10 It is therefore no surprise that catechesis in the Church has again attracted attention in the wake of the Second Vatican Council, which Pope Paul Vl considered the great catechism of modern times. The General Catechetical Directory (1971) the sessions of the Synod of Bishops devoted to evangelization (1974) and catechesis (1977), the apostolic exhortations Evangelii nuntiandi (1975) and Catechesi tradendae (1979), attest to this. The Extraordinary Synod of Bishops in 1985 asked "that a catechism or compendium of all Catholic doctrine regarding both faith and morals be composed"(13) The Holy Father, Pope John Paul II, made the Synod's wish his own, acknowledging that "this desire wholly corresponds to a real need of the universal Church and of the particular Churches."(14) He set in motion everything needed to carry out the Synod Fathers' wish.
7 Cf. John Paul II, Apostolic Exhortation Catechesi tradendae CTR 1 CTR 2
8 CTR 18
9 CTR 18
10 CTR 13
11 CTR 12
12 CTR 13
13 Extraordinary Synod of Bishops 1985,. Final Report II B a, 4.
14 John Paul II, Discourse at the Closing Of the Extraordinary Synod of Bishops 7 December 1985: AAS 78, (1986).
11 This catechism aims at presenting an organic synthesis of the essential and fundamental contents of Catholic doctrine, as regards both faith and morals, in the light of the Second Vatican Council and the whole of the Church's Tradition. Its principal sources are the Sacred Scriptures, the Fathers of the Church, the liturgy, and the Church's Magisterium. It is intended to serve "as a point of reference for the catechisms or compendia that are composed in the various countries".(15)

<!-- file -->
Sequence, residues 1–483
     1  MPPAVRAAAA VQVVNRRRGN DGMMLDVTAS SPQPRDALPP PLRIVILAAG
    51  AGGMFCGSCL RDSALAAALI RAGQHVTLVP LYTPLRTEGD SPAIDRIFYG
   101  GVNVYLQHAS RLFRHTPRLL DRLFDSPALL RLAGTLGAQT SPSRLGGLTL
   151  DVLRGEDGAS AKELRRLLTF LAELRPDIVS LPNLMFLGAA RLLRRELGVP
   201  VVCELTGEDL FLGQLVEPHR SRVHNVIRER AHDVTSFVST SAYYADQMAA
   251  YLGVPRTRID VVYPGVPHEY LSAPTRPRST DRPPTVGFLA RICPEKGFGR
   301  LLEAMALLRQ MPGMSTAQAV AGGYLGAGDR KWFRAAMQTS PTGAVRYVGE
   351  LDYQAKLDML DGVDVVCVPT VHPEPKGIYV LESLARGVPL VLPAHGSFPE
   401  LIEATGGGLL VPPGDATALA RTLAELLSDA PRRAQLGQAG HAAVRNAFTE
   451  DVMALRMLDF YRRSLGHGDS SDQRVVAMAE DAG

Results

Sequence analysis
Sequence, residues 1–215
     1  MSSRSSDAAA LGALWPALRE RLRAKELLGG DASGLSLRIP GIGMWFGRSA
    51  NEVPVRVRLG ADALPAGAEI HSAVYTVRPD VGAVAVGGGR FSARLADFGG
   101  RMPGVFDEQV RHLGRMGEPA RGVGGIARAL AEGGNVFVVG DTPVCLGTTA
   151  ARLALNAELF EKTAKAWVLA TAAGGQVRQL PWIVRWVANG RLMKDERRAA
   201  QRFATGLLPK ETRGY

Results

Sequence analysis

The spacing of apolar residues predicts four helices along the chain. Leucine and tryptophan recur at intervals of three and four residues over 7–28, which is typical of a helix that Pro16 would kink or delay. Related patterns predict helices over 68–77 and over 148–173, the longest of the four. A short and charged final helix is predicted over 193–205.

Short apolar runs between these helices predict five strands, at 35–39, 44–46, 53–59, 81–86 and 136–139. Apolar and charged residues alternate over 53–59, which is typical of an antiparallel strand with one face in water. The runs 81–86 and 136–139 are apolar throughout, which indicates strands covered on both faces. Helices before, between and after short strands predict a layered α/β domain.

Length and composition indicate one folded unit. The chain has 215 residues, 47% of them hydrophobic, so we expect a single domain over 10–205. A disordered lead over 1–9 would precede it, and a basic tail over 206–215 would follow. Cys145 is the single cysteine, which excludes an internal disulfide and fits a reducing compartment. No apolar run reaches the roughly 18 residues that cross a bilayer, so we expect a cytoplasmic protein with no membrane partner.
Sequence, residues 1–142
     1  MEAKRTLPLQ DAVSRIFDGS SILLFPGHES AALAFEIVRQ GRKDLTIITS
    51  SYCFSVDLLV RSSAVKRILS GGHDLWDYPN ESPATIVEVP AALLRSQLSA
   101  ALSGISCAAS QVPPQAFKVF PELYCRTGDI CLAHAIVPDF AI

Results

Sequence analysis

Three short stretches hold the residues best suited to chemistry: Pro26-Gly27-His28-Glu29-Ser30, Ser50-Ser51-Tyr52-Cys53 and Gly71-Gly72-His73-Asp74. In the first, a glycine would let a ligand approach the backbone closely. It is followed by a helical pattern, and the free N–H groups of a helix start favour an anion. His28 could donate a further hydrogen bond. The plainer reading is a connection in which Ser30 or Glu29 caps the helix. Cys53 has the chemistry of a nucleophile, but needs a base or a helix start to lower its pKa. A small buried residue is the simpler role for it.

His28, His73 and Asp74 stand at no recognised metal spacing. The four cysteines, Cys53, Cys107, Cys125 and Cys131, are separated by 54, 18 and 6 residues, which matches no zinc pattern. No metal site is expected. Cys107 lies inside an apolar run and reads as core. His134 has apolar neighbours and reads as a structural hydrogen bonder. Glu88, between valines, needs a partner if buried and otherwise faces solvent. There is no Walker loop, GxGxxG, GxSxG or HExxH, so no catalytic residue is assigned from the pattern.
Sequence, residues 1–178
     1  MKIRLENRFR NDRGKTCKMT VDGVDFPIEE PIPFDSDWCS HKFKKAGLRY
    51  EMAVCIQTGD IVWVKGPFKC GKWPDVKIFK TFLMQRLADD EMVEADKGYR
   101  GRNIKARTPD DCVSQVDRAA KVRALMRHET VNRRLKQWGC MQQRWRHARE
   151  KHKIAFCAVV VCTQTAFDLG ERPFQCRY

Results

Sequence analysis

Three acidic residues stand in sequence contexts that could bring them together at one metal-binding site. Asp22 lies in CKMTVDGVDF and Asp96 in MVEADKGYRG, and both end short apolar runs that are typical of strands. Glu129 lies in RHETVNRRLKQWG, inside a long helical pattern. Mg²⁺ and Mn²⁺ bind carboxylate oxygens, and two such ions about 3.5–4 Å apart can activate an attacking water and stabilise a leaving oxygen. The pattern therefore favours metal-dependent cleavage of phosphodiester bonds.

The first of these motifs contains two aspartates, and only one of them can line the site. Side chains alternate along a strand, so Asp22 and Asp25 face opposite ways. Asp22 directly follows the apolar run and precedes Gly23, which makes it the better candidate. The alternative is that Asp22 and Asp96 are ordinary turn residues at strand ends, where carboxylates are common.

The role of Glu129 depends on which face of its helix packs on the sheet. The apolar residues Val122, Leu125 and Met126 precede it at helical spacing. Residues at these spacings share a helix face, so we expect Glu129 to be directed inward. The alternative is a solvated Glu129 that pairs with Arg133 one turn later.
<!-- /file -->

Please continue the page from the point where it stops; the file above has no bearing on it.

12 This work is intended primarily for those responsible for catechesis: first of all the bishops, as teachers of the faith and pastors of the Church. It is offered to them as an instrument in fulfilling their responsibility of teaching the People of God. Through the bishops, it is addressed to redactors of catechisms, to priests, and to catechists. It will also be useful reading for all other Christian faithful.
15 Extraordinary Synod of Bishops 1985, Final Report II B a, 4.
13 The plan of this catechism is inspired by the great tradition of catechisms which build catechesis on four pillars: the baptismal profession of faith (the Creed), the sacraments of faith, the life of faith (the Commandments), and the prayer of the believer (the Lord's Prayer).